BWW Review: Rainbow Does NANA DOES VEGAS!
Once, a very talented young playwright, Katherine DiSavino, unleashed Nana, the world's wildest grandma, upon an unsuspecting public. Back then, Nana was sewing for sexy senior citizens. DiSavino is back, Nana is back, and they've both grown up a lot. DiSavino's writing, always good, is now far more sophisticated, and Nana's become a more sophisticated troublemaker in the process.
NANA DOES VEGAS has just had its world premiere at Rainbow's Comedy Playhouse, directed by Jonathan Eckert and co-starring, after Casey Allyn's Nana, a couple of people the playwright knows well - Cynthia DiSavino as Vera, Nana's sidekick and troublemaker at large, and David DiSavino as Dino, casino manager at El Tropical and possible small time mob associate. Oh, he's also Nana's boyfriend, and Nana has moved from the lingerie business to casino showroom costuming.
Other Rainbow veterans from Jimmy Cosentino to Joe Winters grace Rainbow's stage as Nana's granddaughter Bridget stumbles across secret after secret: dwindling casino reserves, Vera's side gig, the world's unlikeliest but deadliest mobster, and even her fiance - who isn't supposed to be there, and whose story reaches greater heights of insanity (in more ways than one) than even Vera's.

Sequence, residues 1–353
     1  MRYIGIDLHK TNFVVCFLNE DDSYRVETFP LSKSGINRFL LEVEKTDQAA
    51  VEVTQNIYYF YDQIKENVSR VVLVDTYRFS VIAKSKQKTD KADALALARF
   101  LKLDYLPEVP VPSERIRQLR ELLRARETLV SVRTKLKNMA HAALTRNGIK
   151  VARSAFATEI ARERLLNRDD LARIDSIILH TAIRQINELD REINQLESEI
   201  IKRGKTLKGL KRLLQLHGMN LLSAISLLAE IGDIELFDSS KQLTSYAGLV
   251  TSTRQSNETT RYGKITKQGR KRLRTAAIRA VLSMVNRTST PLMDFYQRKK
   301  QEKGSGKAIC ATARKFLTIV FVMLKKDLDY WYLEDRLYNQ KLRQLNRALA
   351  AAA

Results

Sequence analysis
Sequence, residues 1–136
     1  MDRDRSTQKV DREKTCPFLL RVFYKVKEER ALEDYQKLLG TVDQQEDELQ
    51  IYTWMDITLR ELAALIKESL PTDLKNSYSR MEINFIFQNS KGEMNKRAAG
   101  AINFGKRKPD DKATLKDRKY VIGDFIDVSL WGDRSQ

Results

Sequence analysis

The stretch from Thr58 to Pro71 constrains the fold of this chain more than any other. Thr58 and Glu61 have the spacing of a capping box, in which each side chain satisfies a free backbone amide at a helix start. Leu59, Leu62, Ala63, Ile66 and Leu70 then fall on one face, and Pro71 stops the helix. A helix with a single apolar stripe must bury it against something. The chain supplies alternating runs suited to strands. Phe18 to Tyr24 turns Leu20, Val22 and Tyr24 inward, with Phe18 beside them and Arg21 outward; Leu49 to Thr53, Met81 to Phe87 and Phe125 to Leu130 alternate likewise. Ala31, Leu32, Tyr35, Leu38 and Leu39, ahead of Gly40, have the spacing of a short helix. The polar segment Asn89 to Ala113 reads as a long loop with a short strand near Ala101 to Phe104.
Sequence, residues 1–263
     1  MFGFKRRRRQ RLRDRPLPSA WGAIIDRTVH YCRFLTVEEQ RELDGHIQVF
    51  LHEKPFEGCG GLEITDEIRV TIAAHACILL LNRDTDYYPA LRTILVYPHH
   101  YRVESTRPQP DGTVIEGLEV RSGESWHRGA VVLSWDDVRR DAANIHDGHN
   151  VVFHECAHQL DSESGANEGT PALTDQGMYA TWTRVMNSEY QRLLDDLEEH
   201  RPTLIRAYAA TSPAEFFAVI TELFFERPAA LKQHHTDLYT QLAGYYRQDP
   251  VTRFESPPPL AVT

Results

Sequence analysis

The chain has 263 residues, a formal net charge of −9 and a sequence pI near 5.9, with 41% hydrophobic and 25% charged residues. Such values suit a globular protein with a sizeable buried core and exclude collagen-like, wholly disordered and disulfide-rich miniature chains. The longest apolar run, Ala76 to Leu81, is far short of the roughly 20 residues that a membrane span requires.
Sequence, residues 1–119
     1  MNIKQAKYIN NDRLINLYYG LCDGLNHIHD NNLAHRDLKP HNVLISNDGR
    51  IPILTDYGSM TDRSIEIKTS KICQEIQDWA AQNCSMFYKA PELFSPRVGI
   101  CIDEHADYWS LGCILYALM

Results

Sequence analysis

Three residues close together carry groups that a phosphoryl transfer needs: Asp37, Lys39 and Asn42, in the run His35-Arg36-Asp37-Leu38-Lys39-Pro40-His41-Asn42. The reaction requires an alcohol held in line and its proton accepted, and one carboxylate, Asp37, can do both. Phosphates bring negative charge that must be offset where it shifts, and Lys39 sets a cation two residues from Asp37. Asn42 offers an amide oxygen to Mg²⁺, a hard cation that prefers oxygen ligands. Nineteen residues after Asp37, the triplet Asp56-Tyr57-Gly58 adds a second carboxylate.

The sets are cleverly designed to go from Nana's suite to the lobby to Vera's suite and business emporium to a secret FBI hideout. The sets are realistic, the costumes great - Vera's professional tourist look will blind you with Vegas glitz - and you'll be sorry you missed all the showgirls and their act.
This is a show in which it's best not to give away too much of the plot up front, but it's a farce that does manage to maintain suspense not just in the jokes but in the story line. There's more depth than mere identity confusion, hiding in odd places, and running in and out of rooms here; DiSavino does a more than creditable job of not giving away all of the plot twists too far in advance. This is one comedy in which you won't see every single thing coming from a mile away.
It's certainly fitting that NANA DOES VEGAS has premiered at the playhouse DiSavino's parents once owned, with her parents in the cast, but this play is a little spot of joy that should receive attention by other theatres looking for a medium-cast farce with more wit and better structure than most. It still has the traditional laugh points, with plenty of physical comedy, hiding, and chases, but the dialogue is snappy, the surprises really are unexpected, and the resolutions don't feel forced. If there's such a thing as a lighthearted look at mob investigations, this one is it, totally. NANA DOES VEGAS has some real potential to be a classic farce.
Kudos to Katherine DiSavino for giving birth to a new NANA.